Equinor has agreed to offload its non-operated stake in the Tommeliten Alpha field in the southern part of the Norwegian Continental Shelf (NCS) to Polish state-controlled oil and gas company PGNiG for $220m.
Located in the greater Ekofisk Area, Tommeliten Alpha is a gas and condensate field discovered in 1976.
As part of the transaction, Equinor will sell its interests in the Tommeliten discovery comprising 42.38% stake in the Tommeliten Unit (PL 044 TA) and 30% stake in PL 044. Both the licenses are operated by ConocoPhillips.
Tommeliten Alpha discovery, which is in close proximity with large, already developed fields such as Ekofisk, is expected to enter into production in 2024.
While ConocoPhillips holds a stake of 28.26%, the other partners apart from Equinor are Total (20.23%) and Eni Norge (9.13%).
Overall, the net recoverable resources in the Tommeliten Alpha field are 52 million barrels of oil equivalent.
Equinor southern North Sea operations senior vice president Jez Averty said: “Equinor is committed to transforming the Norwegian Continental Shelf for decades to come. Realising this ambition requires prioritisation.
“We are selling this asset, so we can direct our efforts towards priority projects and assets that create higher value for us.”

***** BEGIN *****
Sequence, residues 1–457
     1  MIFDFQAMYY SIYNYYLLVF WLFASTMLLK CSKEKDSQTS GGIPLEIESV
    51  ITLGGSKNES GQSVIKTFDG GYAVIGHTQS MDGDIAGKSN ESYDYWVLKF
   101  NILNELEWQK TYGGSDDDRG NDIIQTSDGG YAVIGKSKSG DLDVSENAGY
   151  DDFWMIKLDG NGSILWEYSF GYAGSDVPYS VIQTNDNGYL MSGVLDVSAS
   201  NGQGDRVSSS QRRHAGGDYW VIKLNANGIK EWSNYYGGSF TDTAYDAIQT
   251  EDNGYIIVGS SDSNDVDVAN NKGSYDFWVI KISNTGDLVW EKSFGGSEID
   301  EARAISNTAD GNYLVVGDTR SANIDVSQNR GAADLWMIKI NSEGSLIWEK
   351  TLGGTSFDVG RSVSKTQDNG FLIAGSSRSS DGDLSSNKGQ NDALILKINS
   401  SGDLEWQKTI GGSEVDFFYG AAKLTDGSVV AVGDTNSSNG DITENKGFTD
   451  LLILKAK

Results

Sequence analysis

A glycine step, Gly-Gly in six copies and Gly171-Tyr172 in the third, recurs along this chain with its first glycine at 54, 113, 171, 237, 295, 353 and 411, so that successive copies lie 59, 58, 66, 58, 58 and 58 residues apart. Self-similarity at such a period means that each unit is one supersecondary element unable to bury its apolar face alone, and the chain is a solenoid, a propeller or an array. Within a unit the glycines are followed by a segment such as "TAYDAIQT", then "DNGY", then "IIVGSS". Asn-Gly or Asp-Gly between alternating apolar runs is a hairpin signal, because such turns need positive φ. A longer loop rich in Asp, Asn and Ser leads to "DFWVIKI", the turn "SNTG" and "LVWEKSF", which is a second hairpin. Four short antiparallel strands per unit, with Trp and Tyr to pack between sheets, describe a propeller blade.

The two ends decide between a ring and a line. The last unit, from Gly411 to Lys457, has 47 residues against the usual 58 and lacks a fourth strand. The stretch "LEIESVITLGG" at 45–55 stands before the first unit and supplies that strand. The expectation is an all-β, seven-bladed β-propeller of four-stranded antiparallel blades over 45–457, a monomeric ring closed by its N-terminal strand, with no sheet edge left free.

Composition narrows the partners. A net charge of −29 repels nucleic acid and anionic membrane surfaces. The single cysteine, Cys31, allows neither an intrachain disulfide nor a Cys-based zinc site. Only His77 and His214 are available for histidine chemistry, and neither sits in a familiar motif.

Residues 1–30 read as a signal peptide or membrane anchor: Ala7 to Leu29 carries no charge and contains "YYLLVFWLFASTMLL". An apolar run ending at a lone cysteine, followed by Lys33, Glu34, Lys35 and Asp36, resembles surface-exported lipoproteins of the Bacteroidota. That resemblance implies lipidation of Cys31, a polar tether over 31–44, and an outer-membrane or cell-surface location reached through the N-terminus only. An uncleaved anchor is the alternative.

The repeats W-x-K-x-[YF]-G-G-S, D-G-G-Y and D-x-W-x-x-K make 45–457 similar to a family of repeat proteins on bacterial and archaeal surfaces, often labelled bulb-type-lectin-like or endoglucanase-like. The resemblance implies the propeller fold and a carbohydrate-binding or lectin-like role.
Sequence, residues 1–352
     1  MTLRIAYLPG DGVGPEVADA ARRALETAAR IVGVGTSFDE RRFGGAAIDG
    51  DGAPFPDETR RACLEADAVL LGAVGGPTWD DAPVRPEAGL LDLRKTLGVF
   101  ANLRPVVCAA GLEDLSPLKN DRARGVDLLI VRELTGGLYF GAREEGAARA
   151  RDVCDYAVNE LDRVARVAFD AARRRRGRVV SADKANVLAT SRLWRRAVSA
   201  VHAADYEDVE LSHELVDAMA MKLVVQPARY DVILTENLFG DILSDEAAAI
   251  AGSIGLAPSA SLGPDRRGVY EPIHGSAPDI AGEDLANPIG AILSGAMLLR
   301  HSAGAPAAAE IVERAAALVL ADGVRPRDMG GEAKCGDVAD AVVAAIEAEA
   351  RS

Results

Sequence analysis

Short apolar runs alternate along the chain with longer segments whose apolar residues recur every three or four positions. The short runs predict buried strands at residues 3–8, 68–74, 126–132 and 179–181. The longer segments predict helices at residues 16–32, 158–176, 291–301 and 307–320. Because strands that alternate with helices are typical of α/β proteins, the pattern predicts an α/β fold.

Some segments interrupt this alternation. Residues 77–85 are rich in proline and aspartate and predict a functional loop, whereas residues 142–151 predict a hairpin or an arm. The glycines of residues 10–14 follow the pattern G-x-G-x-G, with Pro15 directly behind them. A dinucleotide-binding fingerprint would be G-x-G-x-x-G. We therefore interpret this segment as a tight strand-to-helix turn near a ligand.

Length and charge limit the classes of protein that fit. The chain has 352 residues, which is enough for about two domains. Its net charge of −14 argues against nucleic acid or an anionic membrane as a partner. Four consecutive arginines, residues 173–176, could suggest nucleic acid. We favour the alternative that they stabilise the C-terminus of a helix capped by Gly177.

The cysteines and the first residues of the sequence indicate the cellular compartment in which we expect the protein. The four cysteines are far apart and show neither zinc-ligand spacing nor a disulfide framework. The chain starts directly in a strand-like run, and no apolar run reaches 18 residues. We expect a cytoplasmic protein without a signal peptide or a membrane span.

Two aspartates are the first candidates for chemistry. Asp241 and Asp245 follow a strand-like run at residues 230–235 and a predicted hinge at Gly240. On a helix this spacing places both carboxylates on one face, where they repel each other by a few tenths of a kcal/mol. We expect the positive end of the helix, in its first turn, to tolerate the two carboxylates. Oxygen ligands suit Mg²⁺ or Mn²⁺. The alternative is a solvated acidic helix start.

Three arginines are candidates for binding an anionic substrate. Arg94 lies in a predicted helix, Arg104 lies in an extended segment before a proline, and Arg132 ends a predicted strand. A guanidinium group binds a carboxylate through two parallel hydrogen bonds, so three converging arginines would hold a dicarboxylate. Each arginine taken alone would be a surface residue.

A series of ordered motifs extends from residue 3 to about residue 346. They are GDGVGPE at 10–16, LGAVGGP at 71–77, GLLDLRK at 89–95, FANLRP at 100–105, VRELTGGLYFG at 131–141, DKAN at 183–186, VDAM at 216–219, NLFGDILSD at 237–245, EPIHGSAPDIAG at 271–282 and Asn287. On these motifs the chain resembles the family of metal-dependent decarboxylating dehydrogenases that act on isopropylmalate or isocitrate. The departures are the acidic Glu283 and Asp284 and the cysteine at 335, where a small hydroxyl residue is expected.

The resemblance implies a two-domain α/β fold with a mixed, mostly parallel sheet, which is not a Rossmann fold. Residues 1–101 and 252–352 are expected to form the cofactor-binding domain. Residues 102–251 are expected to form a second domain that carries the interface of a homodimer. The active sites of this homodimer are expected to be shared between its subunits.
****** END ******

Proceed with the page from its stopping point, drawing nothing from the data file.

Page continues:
Last week, Equinor signed a deal to sell its 77.8% operated stake in the King Lear discovery contained in the NCS to Aker BP for $250m.
Like the Tommeliten Alpha field, the King Lear discovery is a gas and condensate discovery located in the Ekofisk area.
PGNiG, which is buying into the Tommeliten discovery, through its subsidiary PGNiG Upstream Norway, said that the transaction marks a next step in the execution of its strategy and will enable a considerable increase in natural gas production outside Poland.
The Polish oil and gas company further said that the acquisition will help it boost its gas production output from Norwegian portfolio by 0.5 bcm/year in the first six years of the production. Apart from that, it estimates that the Tommeliten Alpha field will enable it to extract nearly 0.5 million tonnes of oil and natural gas liquid (NGL) in the peak production year.
PGNiG management board president Piotr Woźniak said: “This latest gas field acquisition in Norway is of special importance to us. It means a significant increase in natural gas production in the region. It is from here that we plan to send gas to Poland via Denmark through planned Baltic Pipe pipeline.”